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Alone in Italy, Urban Native Girl Finds Her Home Has Followed Her Across the Ocean

Lisa Charleyboy is from the Tsilhqot’in (Dene) First Nations of Raven Clan from Alexis Creek First Nation from BC. Currently living in Toronto Ontario, she graduated from York University with a Bachelor of Honors Degree in Professional Writing. Lisa works as an Aboriginal Recruiter for York, is a freelance writer and moonlights as the Urban Native Girl, which is her own Indigenous pop culture blog. She writes for Indian Country Today Media Network as a style reporter. This is her second travel story Indian Country Today Media Network.

When I received the invite to go to Italy early July the first that came to mind was “what am I going to wear?” Needless to say, I was very excited at the prospect of my very first European vacation. I had always wanted to go but I am not exactly the ‘hostel-backpacker’ type so I wanted to save the vacation for a time when I could do it right.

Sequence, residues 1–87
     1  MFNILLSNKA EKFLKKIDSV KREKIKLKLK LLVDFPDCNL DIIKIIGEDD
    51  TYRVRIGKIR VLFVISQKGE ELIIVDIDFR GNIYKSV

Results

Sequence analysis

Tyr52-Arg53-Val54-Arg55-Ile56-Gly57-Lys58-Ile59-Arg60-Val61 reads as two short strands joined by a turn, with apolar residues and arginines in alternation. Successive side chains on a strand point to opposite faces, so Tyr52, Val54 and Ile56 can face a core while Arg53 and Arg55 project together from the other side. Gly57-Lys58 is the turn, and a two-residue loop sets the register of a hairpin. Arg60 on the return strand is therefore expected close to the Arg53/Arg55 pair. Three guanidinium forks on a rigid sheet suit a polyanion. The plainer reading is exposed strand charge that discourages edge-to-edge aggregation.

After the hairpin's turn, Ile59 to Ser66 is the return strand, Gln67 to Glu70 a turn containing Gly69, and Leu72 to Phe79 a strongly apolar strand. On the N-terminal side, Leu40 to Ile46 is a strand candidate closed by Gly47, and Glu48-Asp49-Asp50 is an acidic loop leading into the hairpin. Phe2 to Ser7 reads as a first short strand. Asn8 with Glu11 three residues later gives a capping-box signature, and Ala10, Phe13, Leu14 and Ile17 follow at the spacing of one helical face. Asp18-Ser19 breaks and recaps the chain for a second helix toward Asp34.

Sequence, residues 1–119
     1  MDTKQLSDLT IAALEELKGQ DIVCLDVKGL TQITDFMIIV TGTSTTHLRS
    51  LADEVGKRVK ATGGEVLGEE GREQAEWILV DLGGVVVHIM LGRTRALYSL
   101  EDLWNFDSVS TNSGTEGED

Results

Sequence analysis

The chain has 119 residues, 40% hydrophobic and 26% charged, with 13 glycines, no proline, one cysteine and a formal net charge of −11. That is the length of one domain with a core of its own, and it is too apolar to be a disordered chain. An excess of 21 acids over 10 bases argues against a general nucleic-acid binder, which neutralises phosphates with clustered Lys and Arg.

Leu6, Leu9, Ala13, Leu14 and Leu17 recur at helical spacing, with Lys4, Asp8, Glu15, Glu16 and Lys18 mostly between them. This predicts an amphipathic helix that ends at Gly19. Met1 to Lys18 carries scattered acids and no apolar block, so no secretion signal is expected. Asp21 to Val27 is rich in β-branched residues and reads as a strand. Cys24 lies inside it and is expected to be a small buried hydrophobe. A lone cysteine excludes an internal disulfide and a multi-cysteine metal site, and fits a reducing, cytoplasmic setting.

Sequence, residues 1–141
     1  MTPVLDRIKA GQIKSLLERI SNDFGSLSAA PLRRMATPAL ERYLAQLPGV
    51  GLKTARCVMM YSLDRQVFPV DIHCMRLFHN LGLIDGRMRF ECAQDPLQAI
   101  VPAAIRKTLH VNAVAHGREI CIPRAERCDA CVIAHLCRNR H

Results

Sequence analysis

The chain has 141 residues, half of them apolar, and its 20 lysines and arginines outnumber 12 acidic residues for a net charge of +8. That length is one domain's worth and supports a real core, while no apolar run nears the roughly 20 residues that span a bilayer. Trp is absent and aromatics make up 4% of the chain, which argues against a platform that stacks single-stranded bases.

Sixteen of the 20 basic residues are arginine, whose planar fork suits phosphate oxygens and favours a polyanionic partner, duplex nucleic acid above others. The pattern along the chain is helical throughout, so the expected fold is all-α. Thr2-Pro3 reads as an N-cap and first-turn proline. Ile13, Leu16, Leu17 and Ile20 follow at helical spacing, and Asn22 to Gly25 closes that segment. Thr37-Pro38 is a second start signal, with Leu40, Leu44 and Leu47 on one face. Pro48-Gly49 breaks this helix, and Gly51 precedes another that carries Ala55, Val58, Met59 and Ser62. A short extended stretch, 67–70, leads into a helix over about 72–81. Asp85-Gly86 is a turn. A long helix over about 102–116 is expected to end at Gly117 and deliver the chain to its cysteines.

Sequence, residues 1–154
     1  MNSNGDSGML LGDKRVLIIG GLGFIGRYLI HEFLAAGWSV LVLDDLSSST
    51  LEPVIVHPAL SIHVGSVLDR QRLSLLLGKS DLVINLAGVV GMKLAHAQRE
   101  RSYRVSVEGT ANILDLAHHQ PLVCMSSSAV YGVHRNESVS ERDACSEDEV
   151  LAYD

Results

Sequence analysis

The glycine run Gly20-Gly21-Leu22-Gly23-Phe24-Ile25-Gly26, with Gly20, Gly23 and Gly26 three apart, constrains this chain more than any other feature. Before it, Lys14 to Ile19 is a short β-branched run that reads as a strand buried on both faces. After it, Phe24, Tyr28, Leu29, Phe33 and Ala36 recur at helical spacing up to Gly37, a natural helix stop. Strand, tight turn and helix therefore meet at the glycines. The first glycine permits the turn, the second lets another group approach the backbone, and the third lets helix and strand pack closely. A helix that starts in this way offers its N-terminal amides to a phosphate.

And doing it right is exactly what this trip entailed; it was first-class, luxury all the way from the moment I took off from Toronto to the moment I arrived back in the Big Smoke. First stop was Villa D’Este, a luxury Italian resort located in Lake Como. This resort is rated one of the best hotels by Travel & Leisure, Condé Nast Traveller, and Forbes Traveller so I knew I was in for something seriously spectacular.Spectacular it was from the second I exited the car to the front entrance, I knew that this was no Sheraton Hotel. I was treated with graciousness and gentility right from the initial point of contact until the very last stroll on the sprawling grounds. The reason that I was here was to celebrate a milestone birthday of a friend of a friend of mine. There were one hundred people invited to partake in this celebration and I knew exactly one person there and was a tad worried (read: nervous) that I would be out of my element.